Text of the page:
Therapeutic Uses of Molybdenum
Molybdenum is an essential trace element and is a component of vitamin and mineral supplements. Some therapeutic uses of molybdenum compounds are described in this section.
Lung and breast cancer cells
223 Sustainable one-step synthesis of hierarchical microspheres of PEGylated MoS2 nanosheets and MoO3 nanorods: Their cytotoxicity towards lung and breast cancer cells
Nanotechnology provides an emerging potent alternate mode of cancer therapy. Nanomaterials dispersion or solubility is of particular concern in utilising their full potential applications in biomedical fields. PEGylation of nanomaterials is considered to provide products with stealth properties, and physiological environment with no obvious adverse effects.
The purpose of this work was to develop a sustainable one-step method for fabrication of hierarchical microspheres of PEGylated MoS2 nanosheets using a stoichiometric ratio of Mo(VI) and thiourea.
This study further investigated the cytotoxicity of the PEGylated MoS2 nanosheets towards lung (A549) and breast cancer (MCF-7) cell lines by analysing morphological changes and performing dose-dependent cell proliferation, and cytotoxicity analysis using adenosine 5'-triphosphate (ATP), and lactate dehydrogenase (LDH) assay.
For comparison, MoO3 nanorods were synthesised by simple chemical route and their cytotoxicity towards lung (A549) and breast cancer (MCF-7) cell lines were checked.
The findings suggested that PEGylated MoS2 nanosheets have excellent cytotoxicity towards breast cancer (MCF-7) cell lines, and MoO3 have better cytotoxicity towards lung (A549) cancer cell lines.
This work envisages an accessible foundation for engineering sophisticated biomolecule-MoS2 nanosheets conjugation due to the defect-rich biocompatible surface, to achieve great versatility, additional functions, and further advances in the biomedical field. (C) 2016 Elsevier B.V. All rights reserved.
Kumar, N., George, B. P. A., Abrahamse, H., Parashar, V., and Ngila, J. C.,Sustainable one-step synthesis of hierarchical microspheres of PEGylated MoS2 nanosheets and MoO3 nanorods: Their cytotoxicity towards lung and breast cancer cells, Applied Surface Science, 2017, 396, 8-18.
[PEGylated MoS2: lipoic acid-terminated polyethylene glycol (LA-PEG) grafted onto the surface of MoS2 nanoflakes endowing the nanoflakes with high colloidal stability and very low cytotoxicity.
See Wei Feng, Liang Chen, Ming Qin, Xiaojun Zhou, Qianqian Zhang, Yingke Miao, Kexin Qiu, Yanzhong Zhang and Chuanglong He. Flower-like PEGylated MoS2 nanoflakes for near-infrared photothermal cancer therapy. Scientific Reports 5, Article number: 17422 (2015). doi:10.1038/srep17422.]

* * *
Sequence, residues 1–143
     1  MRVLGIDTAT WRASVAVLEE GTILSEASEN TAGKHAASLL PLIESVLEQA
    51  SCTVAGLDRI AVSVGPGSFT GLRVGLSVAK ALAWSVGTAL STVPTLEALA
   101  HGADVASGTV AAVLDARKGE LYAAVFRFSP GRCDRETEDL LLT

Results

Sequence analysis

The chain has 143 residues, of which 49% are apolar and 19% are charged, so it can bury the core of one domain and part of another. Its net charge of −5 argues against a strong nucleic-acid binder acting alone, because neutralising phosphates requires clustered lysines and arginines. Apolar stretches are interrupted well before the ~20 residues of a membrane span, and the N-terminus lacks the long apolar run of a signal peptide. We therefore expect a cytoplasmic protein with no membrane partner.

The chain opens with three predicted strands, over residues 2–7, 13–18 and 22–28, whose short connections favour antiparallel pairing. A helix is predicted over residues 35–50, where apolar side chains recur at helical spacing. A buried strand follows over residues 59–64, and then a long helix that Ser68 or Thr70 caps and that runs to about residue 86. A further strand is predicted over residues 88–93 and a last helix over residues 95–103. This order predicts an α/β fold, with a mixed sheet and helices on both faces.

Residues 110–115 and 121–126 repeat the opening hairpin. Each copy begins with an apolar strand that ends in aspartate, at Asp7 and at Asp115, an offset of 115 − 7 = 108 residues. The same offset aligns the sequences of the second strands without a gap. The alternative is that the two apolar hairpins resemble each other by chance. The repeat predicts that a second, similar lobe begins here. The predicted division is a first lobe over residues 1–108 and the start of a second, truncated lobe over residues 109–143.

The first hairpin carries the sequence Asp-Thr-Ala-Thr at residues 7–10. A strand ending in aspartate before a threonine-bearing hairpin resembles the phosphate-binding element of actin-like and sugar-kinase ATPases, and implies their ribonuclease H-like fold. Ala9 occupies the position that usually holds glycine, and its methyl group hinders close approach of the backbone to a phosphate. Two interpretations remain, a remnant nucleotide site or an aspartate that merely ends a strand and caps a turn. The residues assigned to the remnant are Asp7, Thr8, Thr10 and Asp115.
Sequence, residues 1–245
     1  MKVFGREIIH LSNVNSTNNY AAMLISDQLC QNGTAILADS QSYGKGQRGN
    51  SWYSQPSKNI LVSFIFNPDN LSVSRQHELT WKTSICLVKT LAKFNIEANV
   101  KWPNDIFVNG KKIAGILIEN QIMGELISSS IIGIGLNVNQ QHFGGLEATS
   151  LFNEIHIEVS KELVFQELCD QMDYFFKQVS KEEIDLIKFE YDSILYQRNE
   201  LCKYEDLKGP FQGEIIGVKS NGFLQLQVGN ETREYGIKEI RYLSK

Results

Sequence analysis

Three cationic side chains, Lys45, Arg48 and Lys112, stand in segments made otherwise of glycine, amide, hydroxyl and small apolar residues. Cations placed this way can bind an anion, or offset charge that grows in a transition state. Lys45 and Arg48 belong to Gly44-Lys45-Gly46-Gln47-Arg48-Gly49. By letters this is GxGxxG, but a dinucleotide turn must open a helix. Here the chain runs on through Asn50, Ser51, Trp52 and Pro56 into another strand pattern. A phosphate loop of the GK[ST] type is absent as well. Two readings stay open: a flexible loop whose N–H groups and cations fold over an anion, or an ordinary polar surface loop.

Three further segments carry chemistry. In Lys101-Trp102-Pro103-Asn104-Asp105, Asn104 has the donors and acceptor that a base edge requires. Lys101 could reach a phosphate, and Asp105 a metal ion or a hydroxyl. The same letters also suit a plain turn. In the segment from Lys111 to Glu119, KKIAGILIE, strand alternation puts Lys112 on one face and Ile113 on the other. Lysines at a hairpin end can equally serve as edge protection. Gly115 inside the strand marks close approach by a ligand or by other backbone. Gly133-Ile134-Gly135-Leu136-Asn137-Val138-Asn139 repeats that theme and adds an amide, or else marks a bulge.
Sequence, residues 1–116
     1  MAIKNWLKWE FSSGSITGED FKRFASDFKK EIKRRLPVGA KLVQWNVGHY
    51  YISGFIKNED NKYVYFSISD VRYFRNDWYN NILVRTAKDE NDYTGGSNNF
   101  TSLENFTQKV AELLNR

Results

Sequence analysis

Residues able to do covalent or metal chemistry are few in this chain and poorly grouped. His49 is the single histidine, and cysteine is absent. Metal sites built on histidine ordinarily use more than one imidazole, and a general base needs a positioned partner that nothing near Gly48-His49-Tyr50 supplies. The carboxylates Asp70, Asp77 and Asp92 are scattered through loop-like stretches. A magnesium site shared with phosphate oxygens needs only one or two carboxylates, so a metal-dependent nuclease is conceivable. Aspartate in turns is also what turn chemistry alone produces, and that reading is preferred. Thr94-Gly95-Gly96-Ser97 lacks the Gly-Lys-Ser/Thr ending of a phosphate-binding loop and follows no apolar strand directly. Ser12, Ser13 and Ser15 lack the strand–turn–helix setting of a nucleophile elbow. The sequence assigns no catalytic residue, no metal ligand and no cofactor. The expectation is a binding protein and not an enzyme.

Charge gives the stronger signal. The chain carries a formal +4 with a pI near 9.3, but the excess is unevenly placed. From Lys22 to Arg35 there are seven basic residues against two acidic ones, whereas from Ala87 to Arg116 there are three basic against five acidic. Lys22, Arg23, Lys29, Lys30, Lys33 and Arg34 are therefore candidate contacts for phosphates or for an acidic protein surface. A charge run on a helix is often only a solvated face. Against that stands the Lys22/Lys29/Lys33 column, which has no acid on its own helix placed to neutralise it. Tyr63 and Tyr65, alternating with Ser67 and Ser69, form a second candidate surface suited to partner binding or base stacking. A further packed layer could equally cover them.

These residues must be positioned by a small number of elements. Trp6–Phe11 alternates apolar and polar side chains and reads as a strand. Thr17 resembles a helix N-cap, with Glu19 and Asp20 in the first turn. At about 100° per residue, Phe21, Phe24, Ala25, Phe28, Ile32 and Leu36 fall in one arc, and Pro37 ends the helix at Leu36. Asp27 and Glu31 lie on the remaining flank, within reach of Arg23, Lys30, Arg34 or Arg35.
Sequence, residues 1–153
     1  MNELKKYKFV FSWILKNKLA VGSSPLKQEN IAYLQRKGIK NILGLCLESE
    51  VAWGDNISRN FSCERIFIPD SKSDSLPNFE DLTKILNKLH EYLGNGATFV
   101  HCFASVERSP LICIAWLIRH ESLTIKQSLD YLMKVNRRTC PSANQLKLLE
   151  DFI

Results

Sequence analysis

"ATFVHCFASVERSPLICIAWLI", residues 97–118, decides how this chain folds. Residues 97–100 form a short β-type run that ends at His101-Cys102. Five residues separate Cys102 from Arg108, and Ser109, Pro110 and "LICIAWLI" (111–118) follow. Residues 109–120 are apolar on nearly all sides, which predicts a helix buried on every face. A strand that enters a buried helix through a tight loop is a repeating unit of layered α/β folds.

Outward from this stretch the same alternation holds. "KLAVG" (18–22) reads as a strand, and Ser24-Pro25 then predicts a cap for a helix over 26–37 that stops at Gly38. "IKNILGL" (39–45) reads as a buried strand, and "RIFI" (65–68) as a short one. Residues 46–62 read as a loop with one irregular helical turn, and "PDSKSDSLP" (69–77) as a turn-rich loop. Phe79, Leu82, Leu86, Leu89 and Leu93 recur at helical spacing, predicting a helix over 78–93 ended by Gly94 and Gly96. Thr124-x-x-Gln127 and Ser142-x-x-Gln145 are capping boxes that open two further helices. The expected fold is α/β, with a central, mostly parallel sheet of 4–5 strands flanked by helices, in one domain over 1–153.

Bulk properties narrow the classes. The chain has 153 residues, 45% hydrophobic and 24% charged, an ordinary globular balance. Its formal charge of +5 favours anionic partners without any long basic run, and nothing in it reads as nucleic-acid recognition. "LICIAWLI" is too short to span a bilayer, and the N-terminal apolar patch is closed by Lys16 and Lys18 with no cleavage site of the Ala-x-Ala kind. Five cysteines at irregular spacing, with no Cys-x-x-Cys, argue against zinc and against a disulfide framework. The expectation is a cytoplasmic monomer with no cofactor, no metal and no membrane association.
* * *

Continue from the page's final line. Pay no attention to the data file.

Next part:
MoS2 cancer therapy
Investigation of Thermally Induced Cellular Ablation and Heat Response Triggered by Planar MoS2-based Nanocomposite
In comparison to conventional tumor treatment methods, photothermal therapy (PTT) is one of the innovative therapeutic strategies that employs light to produce the localized heat for targeted ablation of cancer cells.
Among various kinds of heat generation nanomaterials, transition metal dichalcogenide nanosheets, especially-molybdenum disulfide (MoS2) have recently been investigated as one of the promising PTT candidates because of their strong absorbance in the near-infrared (NIR) tissue transparency window and excellent photothermal conversion capability.
In line with the great potential of MoS2-based nanomaterials in biomedical applications, their intrinsic therapeutic performance and corresponding cellular response are required to be continually investigated.
In order to further improve MoS2-based PTT efficacy and dissect the molecular mechanism during heat stimuli, in this study, we successfully designed a novel and effective PTT platform by integration of MoS2 nanosheets with peptide-based inhibition molecules to block the function of heat shock proteins (Hsp90), one type of chaperon proteins that play the protective roles in living system against cellular photothermal response.
Such combined nanosystem could effectively induce cell ablation and viability assays indicated approximately five folds higher PTT treatment efficacy (8.8 % viability) than that of MoS2 itself (48 % viability) upon 808 nm light irradiation.